The effects of the growth temperature and the concentrations of source gases are substantially similar to those described above in connection with EXAMPLE 1.

In EXAMPLE 1-3, the substrates have been described as comprising a single crystal, but it is understood that polycrystal substrates can be used depending upon the kinds and uses of compound semiconductors to be formed.

EXAMPLE 4

By using arsine AsH3, trimethyl gallium (TMG) and trimethyl aluminum (TMA), a hetero-structure semiconductor thin film of Al0.5 Ga0.5 As-GaAs-Al0.5 Ga0.5 As was grown on the (100) surface of a GaAs substrate in the apparatus as shown in FIG. 6.

The growth conditions were that the hydrogen flow rate was maintained at 101/1 min; the molar fraction of arsine which was always forced to flow was maintained at 1×10-5 ; and the molar fractions of arsine, TMG and TMA for forming single atomic layers were maintained at 1×10-3, 1×10-4 and 1×10-4, respectively. A cycle which, as shown in FIG. 14A, consists of the introduction and interruption of arsine, the introduction of TMG and interruption thereof and the introduction of TMA and interruption thereof which are spaced in time from each other by one second was repeated 100 times, and a cycle which, as shown in FIG. 14B, consists of the introduction of arsine and interruption thereof and the introduction of TMG and interruption thereof was repeated ten times. Thereafter the cycle describe above with reference to FIG. 14A was repeated further 100 times.

As a result, a hetero-structure as shown in FIG. 15 was obtained and a thin GaAs layer makes a quantum well. The quantum-well-luminescence of GaAs quantum wells of the quantum-well structures formed by the conventional MBE and MOCVD methods has a wavelength of 710 nm and a half-width of 15-30 meV are widely different from the theoretical values and therefore reflect the hetero-boundary surface roughness.

On the other hand, according to the present invention, the wavelength is 710 nm and the half-width is 6 meV which is considerably lower than the half-width of 30 meV expected from the surface roughness with a height of one atomic layer at a hetero-interface. This proves that the hetero-interface has no surface roughness.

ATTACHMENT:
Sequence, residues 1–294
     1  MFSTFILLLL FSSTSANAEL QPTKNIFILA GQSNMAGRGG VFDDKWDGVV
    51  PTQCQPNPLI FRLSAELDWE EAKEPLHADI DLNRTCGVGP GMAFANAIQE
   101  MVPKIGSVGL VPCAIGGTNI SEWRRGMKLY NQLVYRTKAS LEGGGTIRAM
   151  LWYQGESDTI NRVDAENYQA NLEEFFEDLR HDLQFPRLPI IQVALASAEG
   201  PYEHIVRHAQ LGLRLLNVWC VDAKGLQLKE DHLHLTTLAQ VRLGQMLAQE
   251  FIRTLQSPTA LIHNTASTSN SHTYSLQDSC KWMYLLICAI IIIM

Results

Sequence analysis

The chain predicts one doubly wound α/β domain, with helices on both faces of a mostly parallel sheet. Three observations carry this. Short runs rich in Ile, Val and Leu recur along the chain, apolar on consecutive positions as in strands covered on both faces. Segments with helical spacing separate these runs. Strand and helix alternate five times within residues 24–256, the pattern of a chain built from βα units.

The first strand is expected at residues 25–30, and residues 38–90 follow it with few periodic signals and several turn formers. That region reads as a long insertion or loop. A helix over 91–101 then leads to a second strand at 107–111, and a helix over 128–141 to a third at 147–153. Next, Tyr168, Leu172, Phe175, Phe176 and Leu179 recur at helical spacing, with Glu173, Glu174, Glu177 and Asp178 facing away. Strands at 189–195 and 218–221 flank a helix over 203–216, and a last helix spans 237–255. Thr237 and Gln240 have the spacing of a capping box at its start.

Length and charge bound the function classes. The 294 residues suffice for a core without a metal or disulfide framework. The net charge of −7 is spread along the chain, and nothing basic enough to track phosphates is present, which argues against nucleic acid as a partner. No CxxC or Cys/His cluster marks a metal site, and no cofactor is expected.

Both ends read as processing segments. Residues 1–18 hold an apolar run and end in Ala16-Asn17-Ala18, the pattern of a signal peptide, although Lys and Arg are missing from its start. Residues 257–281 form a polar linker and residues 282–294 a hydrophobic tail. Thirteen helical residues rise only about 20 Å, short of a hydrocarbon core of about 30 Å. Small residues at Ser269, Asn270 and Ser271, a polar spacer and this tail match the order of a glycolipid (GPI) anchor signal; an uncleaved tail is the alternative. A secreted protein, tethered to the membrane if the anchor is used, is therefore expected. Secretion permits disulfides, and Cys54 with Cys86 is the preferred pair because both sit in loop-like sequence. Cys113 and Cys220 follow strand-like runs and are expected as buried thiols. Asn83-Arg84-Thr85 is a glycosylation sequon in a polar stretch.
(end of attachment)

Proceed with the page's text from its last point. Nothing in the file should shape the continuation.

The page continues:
In the two-dimensional electron gas structures which are fabricated by the conventional methods and in which the electrons travel along the hetero-interface, the mobility is lower than a theoretical value because of scattering of electrons at the interface. However, in the case of a two-dimensional electron gas structure fabricated by a method of the present invention, the scattering of electrons due to the rough surface at the hetero-interface can be completely eliminated so that the mobility of two-dimensional electron gas can be significantly increased.

In addition, according to the present invention, by using the controllability of a single atomic layer, it becomes possible to grow an Al0.25 Ga0.75 As crystal in which atoms are regularly arranged as shown in FIG. 16. The electrical and optical characteristics of ternary alloy crystals grown in accordance with the present invention in the manner described above are by far superior to those of conventional alloy crystals in which the atoms belonging to the same groups are statistically randomly arranged. For instance, in conventional alloy semiconductors, conduction electrons are scattered by a potential field produced by atoms which are randomly arranged so that the mobility is low, but in the case of an alloy semiconductor in which atoms are arranged regularly, a potential field is periodically produced so that the mobility can be significantly increased.

According to the above-described method of the present invention comprising the steps of normally flowing a hydride containing Group V or VI elements which do not react with an organometallic compound to produce a III-V or II-VI compound and which is diluted to a first concentration with a hydrogen carrier gas while a hydride which is diluted by hydrogen to a second concentration higher than the first concentration is introduced over the surface of a substrate; interrupting the introduction of the hydride of the second concentration; introducing over the surface of the substrate an organometallic compound which is diluted by hydrogen and contains Group III or II elements; interrupting the introduction of the organometallic compound; and cycling the above-described steps, an epitaxially grown GaAs layer is obtained which is almost free of As vacancies and free from carbon contamination. According to this method, the growth of a GaAs film can be controlled with a single-atomic-layer accuracy and the growth rate can be increased so that the time required for growing a film 1 μm in thickness can be reduced to two hours.